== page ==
MCU

All posts tagged MCU

Dealing with multi-party video infrastructure can be pretty daunting. The good news is the technology, products, and standards to enable economical multiparty video in WebRTC has matured quite a bit in the past few years. One of the key underlying technologies enabling some of this change is called simulcast. Simulcast has been an occasional sub-topic here at webrtcHacks in the past and it is time we gave it more dedicated attention.

To do that we asked Oscar Divorra Escoda, Tokbox’s Senior Media Scientist and Media Cloud Engineering Lead to walk us through it. Tokbox was one of the first to market with a SFU and Oscar shares some of his learnings below.

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Conference calling is a multi-billion dollar industry that is mostly powered by expensive, high-powered conferencing servers. Now you can replicate much of this functionality for free with a modern browser using the combination of WebRTC and WebAudio.

Like with video, multi-party audio can utilize a few architectures:

  1. Full mesh – each client sends their audio to every other client; the individual streams are then combined locally before they come out of your speaker
  2. Mixed with a conferencing server acting as a Multipoint Control Unit (MCU) – the MCU combines each stream and sends a single set to each client
  3. Routed with a conferencing server in a Selective Forwarding Unit (SFU) mode – each client sends a single stream to the server where it is replicated and sent to the others

This architecture represents a fourth type: client-mixed type where one of the clients acts like the server. This provides the server-less benefits of mesh conferencing without the excessive bandwidth usage and stream management challenges.

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kurento-0

Augmented reality demonstration using the open source Kurento project

Sending real time communications from point A to point B? That functionality is relatively easy with WebRTC. Processing the media in real time to do something cool with it? That is an area I find a lot more interesting, but it is a lot tougher to do. When I was building my Motion Detecting Baby Monitor project, I wished I had some kind of media server to handle the motion detection processing. That would give me some flexibility to take the processor intensive algorithm off of my phone and stick that in the cloud if I wanted to save on battery. That also got me thinking – if you can do motion detection why not apply other more advanced image processing algorithms to the WebRTC stream?  How about facial recognition, object detection, gesture tracking or many of the other cool features that are popping up all the time in the popular Open Source Computer Vision (OpenCV) project? I wrote this dream off as science fiction for another year or two.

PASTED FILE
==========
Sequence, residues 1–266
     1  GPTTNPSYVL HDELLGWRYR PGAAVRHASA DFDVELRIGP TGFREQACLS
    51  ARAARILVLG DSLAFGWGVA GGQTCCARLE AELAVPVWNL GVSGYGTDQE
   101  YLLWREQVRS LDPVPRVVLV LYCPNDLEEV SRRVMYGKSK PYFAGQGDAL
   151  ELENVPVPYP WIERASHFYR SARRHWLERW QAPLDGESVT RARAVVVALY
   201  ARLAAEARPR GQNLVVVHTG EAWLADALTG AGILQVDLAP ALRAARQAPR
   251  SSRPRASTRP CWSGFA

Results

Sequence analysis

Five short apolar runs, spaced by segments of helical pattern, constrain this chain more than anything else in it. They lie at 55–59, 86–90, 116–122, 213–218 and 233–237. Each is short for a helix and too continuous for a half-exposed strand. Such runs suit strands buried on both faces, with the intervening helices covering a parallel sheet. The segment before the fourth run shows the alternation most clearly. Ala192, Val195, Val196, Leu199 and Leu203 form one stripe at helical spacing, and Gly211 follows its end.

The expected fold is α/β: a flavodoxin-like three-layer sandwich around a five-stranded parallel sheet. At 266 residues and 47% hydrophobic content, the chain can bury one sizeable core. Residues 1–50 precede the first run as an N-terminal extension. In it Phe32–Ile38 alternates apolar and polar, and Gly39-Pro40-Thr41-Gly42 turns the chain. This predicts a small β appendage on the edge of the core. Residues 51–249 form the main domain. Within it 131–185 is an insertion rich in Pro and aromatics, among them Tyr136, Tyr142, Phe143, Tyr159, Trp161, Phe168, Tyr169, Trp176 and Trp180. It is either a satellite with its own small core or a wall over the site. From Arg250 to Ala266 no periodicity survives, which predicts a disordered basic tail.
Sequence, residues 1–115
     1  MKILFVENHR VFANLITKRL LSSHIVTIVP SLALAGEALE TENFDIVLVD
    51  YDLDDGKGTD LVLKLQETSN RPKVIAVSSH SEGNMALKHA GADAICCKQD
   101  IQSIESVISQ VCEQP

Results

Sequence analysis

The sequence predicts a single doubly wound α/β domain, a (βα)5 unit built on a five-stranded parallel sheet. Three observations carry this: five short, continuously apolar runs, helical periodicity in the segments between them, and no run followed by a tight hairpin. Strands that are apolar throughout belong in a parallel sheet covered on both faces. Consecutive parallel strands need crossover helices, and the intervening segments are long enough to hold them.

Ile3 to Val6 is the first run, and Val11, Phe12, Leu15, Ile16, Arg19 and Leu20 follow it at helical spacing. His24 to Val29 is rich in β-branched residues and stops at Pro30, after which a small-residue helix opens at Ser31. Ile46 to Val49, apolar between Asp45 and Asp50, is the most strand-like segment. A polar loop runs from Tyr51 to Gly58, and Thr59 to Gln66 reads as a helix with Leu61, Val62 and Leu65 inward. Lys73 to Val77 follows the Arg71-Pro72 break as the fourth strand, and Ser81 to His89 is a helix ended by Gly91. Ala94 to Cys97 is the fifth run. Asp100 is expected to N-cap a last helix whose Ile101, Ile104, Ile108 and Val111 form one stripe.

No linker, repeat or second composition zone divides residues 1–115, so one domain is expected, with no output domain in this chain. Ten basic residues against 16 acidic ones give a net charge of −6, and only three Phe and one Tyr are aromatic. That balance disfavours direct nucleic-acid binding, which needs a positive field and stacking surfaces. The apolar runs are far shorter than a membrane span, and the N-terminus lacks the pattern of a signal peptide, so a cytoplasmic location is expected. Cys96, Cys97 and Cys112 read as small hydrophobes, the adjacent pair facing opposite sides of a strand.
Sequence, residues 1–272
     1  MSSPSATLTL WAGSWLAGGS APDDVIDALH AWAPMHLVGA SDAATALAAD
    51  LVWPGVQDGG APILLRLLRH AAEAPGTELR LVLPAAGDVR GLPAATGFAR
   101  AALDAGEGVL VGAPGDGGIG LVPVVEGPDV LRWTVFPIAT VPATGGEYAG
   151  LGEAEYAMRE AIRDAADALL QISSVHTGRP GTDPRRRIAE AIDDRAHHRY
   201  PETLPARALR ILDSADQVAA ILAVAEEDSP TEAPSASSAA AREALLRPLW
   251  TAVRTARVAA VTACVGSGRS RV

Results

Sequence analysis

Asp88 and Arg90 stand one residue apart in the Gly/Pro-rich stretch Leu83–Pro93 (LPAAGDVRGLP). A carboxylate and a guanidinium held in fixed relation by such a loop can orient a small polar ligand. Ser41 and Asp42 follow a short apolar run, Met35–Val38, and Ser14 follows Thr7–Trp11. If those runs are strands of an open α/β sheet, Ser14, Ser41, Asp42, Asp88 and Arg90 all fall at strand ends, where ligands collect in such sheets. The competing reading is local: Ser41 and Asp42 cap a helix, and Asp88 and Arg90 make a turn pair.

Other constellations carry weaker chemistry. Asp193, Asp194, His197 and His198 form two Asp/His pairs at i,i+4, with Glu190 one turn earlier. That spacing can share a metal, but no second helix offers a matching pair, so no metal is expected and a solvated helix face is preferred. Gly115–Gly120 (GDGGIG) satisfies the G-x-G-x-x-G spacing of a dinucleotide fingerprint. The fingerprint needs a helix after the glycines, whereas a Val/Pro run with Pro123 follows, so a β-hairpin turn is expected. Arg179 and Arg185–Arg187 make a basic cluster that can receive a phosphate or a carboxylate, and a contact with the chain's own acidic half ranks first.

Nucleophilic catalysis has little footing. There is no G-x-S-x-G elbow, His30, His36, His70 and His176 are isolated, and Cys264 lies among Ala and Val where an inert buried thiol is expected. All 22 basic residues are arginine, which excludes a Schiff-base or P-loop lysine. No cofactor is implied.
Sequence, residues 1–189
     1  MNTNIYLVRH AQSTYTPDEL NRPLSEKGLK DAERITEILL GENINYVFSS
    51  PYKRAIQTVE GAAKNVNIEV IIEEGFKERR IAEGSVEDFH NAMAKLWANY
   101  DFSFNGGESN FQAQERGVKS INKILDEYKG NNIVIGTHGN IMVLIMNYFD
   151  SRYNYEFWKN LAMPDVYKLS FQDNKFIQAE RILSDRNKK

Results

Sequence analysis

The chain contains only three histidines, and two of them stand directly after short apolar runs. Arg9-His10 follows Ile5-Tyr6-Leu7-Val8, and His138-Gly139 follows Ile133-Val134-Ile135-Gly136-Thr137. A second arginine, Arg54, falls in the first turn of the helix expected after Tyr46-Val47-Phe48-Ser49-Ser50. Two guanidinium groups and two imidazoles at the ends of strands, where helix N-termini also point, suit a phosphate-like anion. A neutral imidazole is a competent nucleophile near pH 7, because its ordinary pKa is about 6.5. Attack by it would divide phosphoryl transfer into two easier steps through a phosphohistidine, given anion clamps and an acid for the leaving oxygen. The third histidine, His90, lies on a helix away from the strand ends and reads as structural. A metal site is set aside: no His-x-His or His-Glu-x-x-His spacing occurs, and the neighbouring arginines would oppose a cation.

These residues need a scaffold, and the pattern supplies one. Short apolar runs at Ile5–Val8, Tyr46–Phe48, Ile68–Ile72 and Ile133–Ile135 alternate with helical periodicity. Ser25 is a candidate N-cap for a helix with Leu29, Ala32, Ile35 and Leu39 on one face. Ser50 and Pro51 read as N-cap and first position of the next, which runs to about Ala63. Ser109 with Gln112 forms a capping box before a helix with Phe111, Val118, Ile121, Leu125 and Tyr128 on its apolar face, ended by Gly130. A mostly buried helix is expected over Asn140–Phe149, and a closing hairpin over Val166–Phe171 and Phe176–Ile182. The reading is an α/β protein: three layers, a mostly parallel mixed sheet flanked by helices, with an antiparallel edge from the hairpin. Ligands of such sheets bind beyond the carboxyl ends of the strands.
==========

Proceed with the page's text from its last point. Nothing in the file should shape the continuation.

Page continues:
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Gustavo Garcia Bernardo

Gustavo Garcia Bernardo

WebRTC and its peer-to-peer capabilities are great for one-to-one communications. However, when I discuss with customers use cases and services that go beyond one-to-one, namely one-to-many or many-to-many, the question arises: “OK, but what architecture shall I use for this?”. Some service providers want to reuse the multicast support they have in their networks (we are having fun doing some experiments with this), some are exploring simulcast-based solutions, others are considering centralised solutions like MCUs/mixers, and a bunch of them are simply willing to place the burden on the endpoint by using some variation of a mesh-based topology.   The folks at TokBox (a Telefónica Digital company) have great experience with multiparty conferencing solutions.  I thought it would be great to have my friend Gustavo Garcia Bernardo (Cloud Architect at TokBox) to share here his take on the topic.

At TokBox, Gustavo is responsible for architecture, design, and development of cloud components. This includes Mantis, the cloud-scaling infrastructure for the OpenTok, which uses the WebRTC platform. Before joining TokBox, Gustavo spent more than 10 years building VoIP products at Telefónica and driving early adoption of WebRTC in telco products. In fact, I’ve known Gustavo for 8 years now and the first time I met him it was preparing a proposal for a European Commission-funded research project on P2PSIP. Since then we’ve been collaborating in the IETF doing some work in the context of P2PSIP, ALTO and SIP related activities. A couple of years ago, while I was working with Acme Packet (now Oracle), we worked together designing and launching Telefonica’s Digital TuMe and TuGo.  Lately we have both shifted our focus towards WebRTC.

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